Reverse mortgage numbers don’t tell the full story

reported reverse mortgage volume is just the tip of the iceberg

Reverse mortgage endorsement volume for April as reported by the Department of Housing and Urban Development earlier this week indicated a month-over-month decline of roughly 45% — to just over 1,600 loans. But the numbers aren’t reflective of what’s happening in the market, several industry sources have shared with RMD, particularly at a time when many originators are seeing renewed interest among prospects as a result of the COVID-19 pandemic.

The difference could be due to a few different factors including longer endorsement timelines both on the part of lenders and the Department of Housing and Urban Development, industry participants say.

“The endorsements shown for our company, as I suspect for most if not all lenders, do not reflect the actual volume of loans currently being closed,” says All Reverse Mortgage CEO Mike Branson in an email to RMD.

All Reverse, a direct-endorsement lender based on Orange, Calif., which ranked No. 14 on the list of top reverse mortgage lenders by volume based on year-to-date loan counts tracked by Reverse Market Insight, saw only 35% of its loans closed in April as reported in the data. The company saw a similar but less severe discrepancy in the previous months as well, with February numbers off by around 25% and March numbers off by around 30%.

“We can only speculate why the endorsements are lagging but since they only reflect approximately 35% of our actual closings and we didn’t drop down to the bottom of the rankings for the top 100, we can see that it is an industry-wide issue at the present time,” Branson says. “I have not seen a confirmation of this in the form of a written announcement from HUD, but it appears that HUD has gotten behind in this area due to the COVID situation.”

Despite HUD’s ongoing endorsement efforts, a backlog of loans due to remote-working transitions and adoption of electronic case binder submissions to HUD is possible, the agency says. During the COVID-19 pandemic, HUD began allowing digital delivery of reverse mortgage case binders for the duration of the national state of emergency.

“It’s possible that some of the drop in volume is due to remote work transitions during the end of March and beginning of April, and the transition away from paper-based processes,” writes a senior HUD official in an email to RMD. “However, we continue to endorse case binders, including HECM files, through our new electronic process implemented through our April 6 Mortgagee Letter 2020-07. We are working closely with HECM lenders to ensure any backlogs of paper file submissions are being addressed.”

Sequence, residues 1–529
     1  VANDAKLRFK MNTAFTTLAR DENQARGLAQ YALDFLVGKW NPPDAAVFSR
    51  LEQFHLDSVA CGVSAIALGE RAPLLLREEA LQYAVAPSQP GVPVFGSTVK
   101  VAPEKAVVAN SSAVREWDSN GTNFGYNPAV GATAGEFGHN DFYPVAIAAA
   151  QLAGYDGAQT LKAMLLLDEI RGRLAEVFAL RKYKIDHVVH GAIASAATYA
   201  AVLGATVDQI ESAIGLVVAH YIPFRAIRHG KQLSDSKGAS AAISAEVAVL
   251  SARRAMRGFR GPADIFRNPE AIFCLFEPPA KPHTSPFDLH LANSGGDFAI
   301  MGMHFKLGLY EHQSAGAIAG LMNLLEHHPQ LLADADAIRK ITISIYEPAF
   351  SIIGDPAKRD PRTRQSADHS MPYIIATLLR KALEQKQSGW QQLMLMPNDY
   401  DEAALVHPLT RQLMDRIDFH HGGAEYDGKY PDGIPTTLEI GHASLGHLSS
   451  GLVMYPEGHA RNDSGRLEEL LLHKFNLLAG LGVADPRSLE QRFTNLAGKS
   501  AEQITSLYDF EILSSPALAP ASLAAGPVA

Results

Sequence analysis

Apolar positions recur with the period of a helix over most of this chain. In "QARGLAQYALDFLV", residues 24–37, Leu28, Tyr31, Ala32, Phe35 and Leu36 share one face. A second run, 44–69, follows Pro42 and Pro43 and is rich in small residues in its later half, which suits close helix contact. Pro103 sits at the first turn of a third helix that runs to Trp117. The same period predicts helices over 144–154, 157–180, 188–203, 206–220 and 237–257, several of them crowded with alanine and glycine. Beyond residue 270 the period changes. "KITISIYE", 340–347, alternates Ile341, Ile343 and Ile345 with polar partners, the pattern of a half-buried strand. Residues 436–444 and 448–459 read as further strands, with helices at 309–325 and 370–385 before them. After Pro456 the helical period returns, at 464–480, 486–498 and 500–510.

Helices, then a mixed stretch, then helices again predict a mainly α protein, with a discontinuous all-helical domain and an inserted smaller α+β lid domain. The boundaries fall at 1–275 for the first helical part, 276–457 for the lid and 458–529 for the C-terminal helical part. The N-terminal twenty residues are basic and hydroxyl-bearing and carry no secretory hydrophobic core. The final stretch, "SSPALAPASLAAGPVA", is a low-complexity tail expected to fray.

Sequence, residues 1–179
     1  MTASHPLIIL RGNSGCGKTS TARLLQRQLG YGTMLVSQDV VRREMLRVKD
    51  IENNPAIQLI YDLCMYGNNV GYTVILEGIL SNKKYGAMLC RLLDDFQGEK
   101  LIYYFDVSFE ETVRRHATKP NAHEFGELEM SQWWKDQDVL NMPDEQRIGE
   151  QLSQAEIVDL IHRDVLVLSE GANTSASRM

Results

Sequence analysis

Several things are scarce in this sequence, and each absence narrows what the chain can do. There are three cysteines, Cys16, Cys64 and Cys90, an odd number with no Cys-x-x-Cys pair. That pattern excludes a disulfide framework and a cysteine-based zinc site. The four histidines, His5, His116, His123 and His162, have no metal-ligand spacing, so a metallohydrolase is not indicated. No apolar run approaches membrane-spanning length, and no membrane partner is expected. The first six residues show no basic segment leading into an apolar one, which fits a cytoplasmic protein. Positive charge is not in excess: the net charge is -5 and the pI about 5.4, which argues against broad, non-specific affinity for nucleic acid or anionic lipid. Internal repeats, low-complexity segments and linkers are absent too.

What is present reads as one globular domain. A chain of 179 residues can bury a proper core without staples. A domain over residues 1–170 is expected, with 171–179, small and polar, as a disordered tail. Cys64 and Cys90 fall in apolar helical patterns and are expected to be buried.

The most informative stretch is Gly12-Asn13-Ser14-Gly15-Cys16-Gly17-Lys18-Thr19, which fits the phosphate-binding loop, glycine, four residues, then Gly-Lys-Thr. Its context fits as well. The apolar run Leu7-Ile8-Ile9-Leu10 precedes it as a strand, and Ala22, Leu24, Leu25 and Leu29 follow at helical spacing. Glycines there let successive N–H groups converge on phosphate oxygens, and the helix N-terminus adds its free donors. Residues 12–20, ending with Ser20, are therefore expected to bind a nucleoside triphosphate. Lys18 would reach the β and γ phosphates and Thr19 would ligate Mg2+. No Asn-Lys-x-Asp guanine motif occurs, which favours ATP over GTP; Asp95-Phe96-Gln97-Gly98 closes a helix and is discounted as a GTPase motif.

There’s also some volume decline to be expected as the industry continues to originate non-HECM reverse mortgages with several lenders having introduced new proprietary products and competitive product updates in recent months and years.

While proprietary volume is not reported by lenders, reverse mortgage technology company ReverseVision says it is an important part of the overall picture of the reverse mortgage origination landscape.

“While it may be noted that endorsement volumes for FHA loans may have slowed, this may be more in terms of administrative challenges due to the global pandemic, and to the mix of Reverse Mortgages that are HECM vs. Private Loan products (PLP),” says Joe Langner, ReverseVision president. “The endorsement numbers do not include any representation for Private Loan Products and as they gain more popularity in the market there should a natural adjustment to the HECM endorsements…At ReverseVision we actually have seen solid growth in new proposals and applications with our customer base, in part due to the value of a reverse mortgage during times like these [with] lower interest rates, and the growth of the private loan products in the market.”

This article originally appeared in Reverse Mortgage Daily.